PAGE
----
The relationship between metastases can also be described using the terms linear and parallel. In one hypothetical scenario, the same subclone of the primary tumor can seed both a metastatic lesion within a local lymph node (LN) and a metastatic lesion at a distant site, such as the liver or brain (Fig. 2). It could do so in a linear (P→LN1→M1 in Fig. 2) or a parallel and independent fashion (P→LN1 and P→M2 in Fig. 2). In another hypothetical scenario, the subclone that seeds the distant metastasis (M3 in Fig. 2) may be distinct from the subclone that seeded the lymph node. Differentiating these scenarios in reality has profound implications for patient management, not least in terms of the morbidity of lymph node dissection. It is widely accepted that the clearance of involved lymph nodes improves local disease control, but whether it influences systemic dissemination is less clear. In cases where systemic metastases are established through hematogenous spread, lymph node clearance should have no overall survival benefit; conversely, if involved lymph nodes are a gateway to distant metastases, then their removal should reduce the risk of dissemination. A small number of comparisons between paired lymph node and distant metastases have been reported. In a WES analysis of a primary breast cancer, its axillary lymph node metastasis, and the synchronous systemic metastases, Murtaza et al. showed that a minor subclone in the lymph node gave rise to the distant metastases (48). Using WGS, Haffner and colleagues (49) tracked the clonal evolution of a prostate cancer that relapsed 17 years after radical surgery. Liver, bone, nodal, and soft tissue metastases were not seeded by the involved lymph node that was removed at surgery, but rather arose from a minor subclone in the primary tumor and contained additional alterations, including AR amplification, which were probably therapy-selected. A comparative study of metastatic melanoma demonstrated that one subclone of the primary tumor seeded loco-regional (i.e., localized to the area of the primary tumor) and lymph node metastases, whereas another subclone seeded a brain metastasis; in contrast, in another patient with melanoma, the lymph node and brain lesions grouped together and were distinct from the loco-regional metastasis (16). In combination, these studies show that systemic metastases can occur via direct hematogenous spread, bypassing the lymph node; however, some involved lymph nodes can seed systemic metastases, presumably through lymphovascular shunts.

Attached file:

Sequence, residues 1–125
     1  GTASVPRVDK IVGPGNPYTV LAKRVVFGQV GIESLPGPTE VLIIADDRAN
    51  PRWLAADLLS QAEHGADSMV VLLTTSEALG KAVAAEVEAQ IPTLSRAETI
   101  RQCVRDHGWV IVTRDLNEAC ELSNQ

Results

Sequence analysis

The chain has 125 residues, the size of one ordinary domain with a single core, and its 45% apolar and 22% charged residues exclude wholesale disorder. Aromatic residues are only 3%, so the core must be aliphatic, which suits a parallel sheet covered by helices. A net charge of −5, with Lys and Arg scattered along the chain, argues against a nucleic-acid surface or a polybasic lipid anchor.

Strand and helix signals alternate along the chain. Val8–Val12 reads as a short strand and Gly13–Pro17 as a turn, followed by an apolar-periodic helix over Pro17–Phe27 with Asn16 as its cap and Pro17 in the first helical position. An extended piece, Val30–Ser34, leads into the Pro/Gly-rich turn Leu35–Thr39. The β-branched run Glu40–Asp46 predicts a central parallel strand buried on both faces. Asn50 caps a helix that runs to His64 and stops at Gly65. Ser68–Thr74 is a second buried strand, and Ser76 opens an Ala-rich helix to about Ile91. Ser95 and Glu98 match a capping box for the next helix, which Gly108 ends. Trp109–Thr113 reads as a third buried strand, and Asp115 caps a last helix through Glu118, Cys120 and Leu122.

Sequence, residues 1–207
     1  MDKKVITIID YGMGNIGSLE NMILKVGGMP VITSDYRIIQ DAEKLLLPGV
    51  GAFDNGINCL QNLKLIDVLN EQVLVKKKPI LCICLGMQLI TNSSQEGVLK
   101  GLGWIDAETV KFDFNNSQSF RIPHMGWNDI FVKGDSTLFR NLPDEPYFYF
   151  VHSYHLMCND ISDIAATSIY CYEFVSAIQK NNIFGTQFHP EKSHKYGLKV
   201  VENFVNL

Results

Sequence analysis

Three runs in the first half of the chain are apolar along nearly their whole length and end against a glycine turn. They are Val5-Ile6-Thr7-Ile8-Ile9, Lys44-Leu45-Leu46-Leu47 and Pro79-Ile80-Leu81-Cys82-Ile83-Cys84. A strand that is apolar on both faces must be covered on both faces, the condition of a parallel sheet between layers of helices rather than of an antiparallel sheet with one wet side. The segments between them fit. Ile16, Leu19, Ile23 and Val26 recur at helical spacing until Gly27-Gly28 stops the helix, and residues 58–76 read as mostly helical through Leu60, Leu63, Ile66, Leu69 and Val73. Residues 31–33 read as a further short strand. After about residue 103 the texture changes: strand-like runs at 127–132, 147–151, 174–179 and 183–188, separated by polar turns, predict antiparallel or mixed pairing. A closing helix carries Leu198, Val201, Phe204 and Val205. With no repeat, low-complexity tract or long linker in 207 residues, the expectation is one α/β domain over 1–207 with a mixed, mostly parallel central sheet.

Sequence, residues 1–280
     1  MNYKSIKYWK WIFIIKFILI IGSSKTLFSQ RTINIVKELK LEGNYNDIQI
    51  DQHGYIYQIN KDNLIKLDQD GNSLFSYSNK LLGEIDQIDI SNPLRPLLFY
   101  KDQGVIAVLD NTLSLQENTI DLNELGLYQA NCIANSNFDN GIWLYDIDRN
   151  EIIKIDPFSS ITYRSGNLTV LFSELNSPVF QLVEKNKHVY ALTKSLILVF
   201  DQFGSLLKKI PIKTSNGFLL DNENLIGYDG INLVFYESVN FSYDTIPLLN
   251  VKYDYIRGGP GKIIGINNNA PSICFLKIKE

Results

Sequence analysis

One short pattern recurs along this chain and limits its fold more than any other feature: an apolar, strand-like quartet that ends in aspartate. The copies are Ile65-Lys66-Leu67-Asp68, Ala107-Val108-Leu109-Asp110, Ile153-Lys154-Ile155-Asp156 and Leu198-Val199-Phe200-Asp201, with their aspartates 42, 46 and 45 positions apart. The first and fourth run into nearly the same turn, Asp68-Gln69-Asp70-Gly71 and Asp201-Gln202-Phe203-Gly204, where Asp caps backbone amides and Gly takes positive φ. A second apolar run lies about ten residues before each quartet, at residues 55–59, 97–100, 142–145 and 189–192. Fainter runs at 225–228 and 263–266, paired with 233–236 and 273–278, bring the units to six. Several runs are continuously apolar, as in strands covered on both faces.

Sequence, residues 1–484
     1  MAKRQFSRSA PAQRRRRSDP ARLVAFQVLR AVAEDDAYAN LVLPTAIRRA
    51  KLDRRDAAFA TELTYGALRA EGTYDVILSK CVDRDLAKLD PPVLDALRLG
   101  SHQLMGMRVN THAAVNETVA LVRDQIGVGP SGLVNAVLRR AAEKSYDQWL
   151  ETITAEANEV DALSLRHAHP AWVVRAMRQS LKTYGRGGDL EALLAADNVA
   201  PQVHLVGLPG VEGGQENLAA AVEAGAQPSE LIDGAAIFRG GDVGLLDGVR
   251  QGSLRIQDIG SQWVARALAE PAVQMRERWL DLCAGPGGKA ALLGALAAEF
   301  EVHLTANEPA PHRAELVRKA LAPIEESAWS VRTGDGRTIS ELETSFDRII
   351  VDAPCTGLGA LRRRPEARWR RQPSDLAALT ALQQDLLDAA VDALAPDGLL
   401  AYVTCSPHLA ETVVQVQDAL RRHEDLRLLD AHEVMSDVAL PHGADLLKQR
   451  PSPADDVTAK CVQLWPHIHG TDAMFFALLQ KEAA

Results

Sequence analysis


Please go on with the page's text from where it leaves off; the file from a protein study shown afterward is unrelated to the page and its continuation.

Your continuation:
Fig. 2 Metastatic spread can take place through multiple routes and in different directions.

The primary tumor (P) is shown in the center of the diagram, with different colored circles representing distinct subclones. Lymph nodes can be seeded by single clones (LN1) or multiple clones (LN2). Lymph nodes can seed systemic metastases directly (M1), or the same primary subclone can seed a systemic metastasis (M2) in parallel to seeding the lymph node. A subclone other than the one that seeded the lymph node can seed individual systemic metastases in parallel (M3, M4, and M5; monophyletic metastases). Alternatively, it can seed just one metastatic site (M3), which in turn can seed other metastases (metastatic cascades; M6 and M7). Metastases can also be polyphyletic, with distinct subclones seeding different metastases (for example, M1, M3, and M8). Metastases can undergo parallel evolution, indicated by the double circles (M8 and M9). Metastases can continue to evolve after they have disseminated from the primary tumor, represented by the dual colors in M10. These metastases can then potentially re-infiltrate the primary tumor or surgical bed, a process called self-seeding. Cross-metastatic seeding can also occur, resulting in complex subclonal mixtures in the metastases themselves (M10→M9).